If any financial advisors were watching the Obama speech to Congress this week — and I bet there were more than a few — the promised return to pre-Bush tax rates and policies should have set off a few bells about the use of charitable giving in estate planning. The return of estate taxes and higher rates for those making above $250,000 can give the financial planner an opportunity to pay a call on clients and say, “Let’s take a look again at your estate plan, because there are some ‘new’ opportunities.”
Most financial planners I know do not bring the charitable gift into discussions with clients about their estate plan. It’s usually about the children and the family in financial terms, but rarely are the family values that most people cherish discussed. The reasoning is fairly sound, from the financial planner’s point of view — “I’m an expert in financial matters, not values, and I don’t know where to go once I open the discussion about values.” Fair enough, but now these values can make a difference in how you set up their estate plans, so isn’t it about time to either gain some knowledge or bring in someone who can help create a space for such a discussion?
An example: You’ve got a client — man and woman in their 60′s — who want to leave a sizeable portion of their estate to their grandchildren. No, their child’s not a spendthrift, but they didn’t want to complicate one generation’s tax consequences, so with your help, they set up a trust for the grandkids with a very reputable bank. It was easy because there weren’t estate taxes to get in the way of a straight transfer. Now there are, so what can you do?
When you sit down with them, ask them the questions you might not have asked before (and which they didn’t express to you the first time) — “Do you have any charities you care about?” They might say ”Yes!” So, now what?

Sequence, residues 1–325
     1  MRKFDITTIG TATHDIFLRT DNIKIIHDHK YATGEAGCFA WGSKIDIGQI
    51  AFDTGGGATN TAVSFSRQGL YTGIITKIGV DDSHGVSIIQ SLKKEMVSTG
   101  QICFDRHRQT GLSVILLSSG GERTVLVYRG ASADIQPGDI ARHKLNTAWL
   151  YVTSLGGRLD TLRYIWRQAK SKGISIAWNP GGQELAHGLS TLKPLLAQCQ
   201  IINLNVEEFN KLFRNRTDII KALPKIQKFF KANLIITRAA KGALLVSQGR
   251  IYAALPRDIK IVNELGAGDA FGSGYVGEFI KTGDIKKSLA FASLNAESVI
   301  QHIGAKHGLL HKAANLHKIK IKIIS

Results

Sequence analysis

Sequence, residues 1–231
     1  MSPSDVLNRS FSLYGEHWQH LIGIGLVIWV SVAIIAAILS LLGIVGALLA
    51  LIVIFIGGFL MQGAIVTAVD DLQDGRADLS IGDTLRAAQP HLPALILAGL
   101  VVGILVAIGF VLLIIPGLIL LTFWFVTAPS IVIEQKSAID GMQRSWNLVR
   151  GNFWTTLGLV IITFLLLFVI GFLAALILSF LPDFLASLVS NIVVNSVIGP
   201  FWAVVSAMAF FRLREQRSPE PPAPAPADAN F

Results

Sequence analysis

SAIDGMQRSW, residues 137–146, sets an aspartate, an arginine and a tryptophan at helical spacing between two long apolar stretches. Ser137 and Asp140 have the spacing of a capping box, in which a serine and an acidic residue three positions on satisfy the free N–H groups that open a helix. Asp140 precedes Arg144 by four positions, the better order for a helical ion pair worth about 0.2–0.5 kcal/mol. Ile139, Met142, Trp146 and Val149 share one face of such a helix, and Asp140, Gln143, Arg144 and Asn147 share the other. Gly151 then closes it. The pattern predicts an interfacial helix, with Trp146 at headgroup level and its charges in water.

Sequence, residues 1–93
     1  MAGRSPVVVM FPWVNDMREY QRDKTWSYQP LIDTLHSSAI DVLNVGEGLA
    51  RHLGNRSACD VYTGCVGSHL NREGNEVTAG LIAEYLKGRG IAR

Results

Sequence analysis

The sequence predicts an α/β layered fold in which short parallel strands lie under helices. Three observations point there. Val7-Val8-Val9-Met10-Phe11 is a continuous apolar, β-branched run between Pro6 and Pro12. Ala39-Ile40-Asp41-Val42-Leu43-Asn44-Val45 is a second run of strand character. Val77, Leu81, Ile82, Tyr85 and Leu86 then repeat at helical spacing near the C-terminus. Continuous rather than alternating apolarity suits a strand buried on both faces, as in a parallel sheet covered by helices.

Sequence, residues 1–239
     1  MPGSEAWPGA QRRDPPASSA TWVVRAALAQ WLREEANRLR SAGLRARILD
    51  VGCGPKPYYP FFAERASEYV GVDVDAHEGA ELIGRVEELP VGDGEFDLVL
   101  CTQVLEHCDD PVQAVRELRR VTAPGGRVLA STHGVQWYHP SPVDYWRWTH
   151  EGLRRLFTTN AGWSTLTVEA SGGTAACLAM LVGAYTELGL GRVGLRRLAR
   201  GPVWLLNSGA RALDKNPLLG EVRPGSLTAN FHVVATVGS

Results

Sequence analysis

Well, you can set up that trust with the charity as a charitable lead trust, and get some money up front to the charity (very much needed these days) while getting some great tax benefits for your client while still transferring the funds to the grandkids some time in the future. And you can still keep it managed by the very reputable bank you set it up with the first time (I make no comment about banks right now, they’ve got enough people shooting at them).
But you can do a bit more, and make your clients even happier, by suggesting to the charity – if they can wait for a bigger bang down the road — that they take the income from the lead trust and set up a fund in the family’s name. The income from that fund, which will grow over the next decade by the infusion of new income every year, can be directed to specific programs the family cares about or to the charity’s general fund.
Not all charities can set up such funds, for lots of reasons, size and sophistication of the board being among them, but working with the right counselors, you can find a charity that will set up a fund within its endowment for the first charity, and use the income from the charitable lead trust to initially start the fund and keep it growing. Some of these second charities — usually community foundations, but there are others as well — may provide some sort of match to establish such secondary funds for other charities, so your client’s can have a double (triple!) win.
This is just one example, but there are a number of others that make sense for all kinds of financial planning clients right now. Charitable gift and estate planning requires some expertise, and there are some excellent ones to talk to. Some have ties to specific charities, some do not. Just make sure they can work with you to walk you and your clients through any difficulties or roadblocks.
It’s time to start these dialogues now, even in tough times, because changes are coming fast. Better to open the discussion with clients now then have them turn to you and say, “How come you didn’t talk to me when this was beginning?”